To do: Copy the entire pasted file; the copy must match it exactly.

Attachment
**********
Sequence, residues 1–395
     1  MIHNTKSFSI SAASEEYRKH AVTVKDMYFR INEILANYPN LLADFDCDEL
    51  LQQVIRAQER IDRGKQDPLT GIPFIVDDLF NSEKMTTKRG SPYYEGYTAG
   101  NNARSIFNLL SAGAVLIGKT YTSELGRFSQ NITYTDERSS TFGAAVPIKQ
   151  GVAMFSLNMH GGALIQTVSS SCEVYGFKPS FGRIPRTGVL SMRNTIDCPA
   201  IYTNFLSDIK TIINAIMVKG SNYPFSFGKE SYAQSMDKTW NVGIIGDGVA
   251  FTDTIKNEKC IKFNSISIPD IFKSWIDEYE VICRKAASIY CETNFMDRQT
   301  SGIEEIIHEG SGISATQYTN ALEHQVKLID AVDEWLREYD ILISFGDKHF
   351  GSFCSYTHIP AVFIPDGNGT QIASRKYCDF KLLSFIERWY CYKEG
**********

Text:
Sequence, residues 1–395
     1  MIHNTKSFSI SAASEEYRKH AVTVKDMYFR INEILANYPN LLADFDCDEL
    51  LQQVIRAQER IDRGKQDPLT GIPFIVDDLF NSEKMTTKRG SPYYEGYTAG
   101  NNARSIFNLL SAGAVLIGKT YTSELGRFSQ NITYTDERSS TFGAAVPIKQ
   151  GVAMFSLNMH GGALIQTVSS SCEVYGFKPS FGRIPRTGVL SMRNTIDCPA
   201  IYTNFLSDIK TIINAIMVKG SNYPFSFGKE SYAQSMDKTW NVGIIGDGVA
   251  FTDTIKNEKC IKFNSISIPD IFKSWIDEYE VICRKAASIY CETNFMDRQT
   301  SGIEEIIHEG SGISATQYTN ALEHQVKLID AVDEWLREYD ILISFGDKHF
   351  GSFCSYTHIP AVFIPDGNGT QIASRKYCDF KLLSFIERWY CYKEG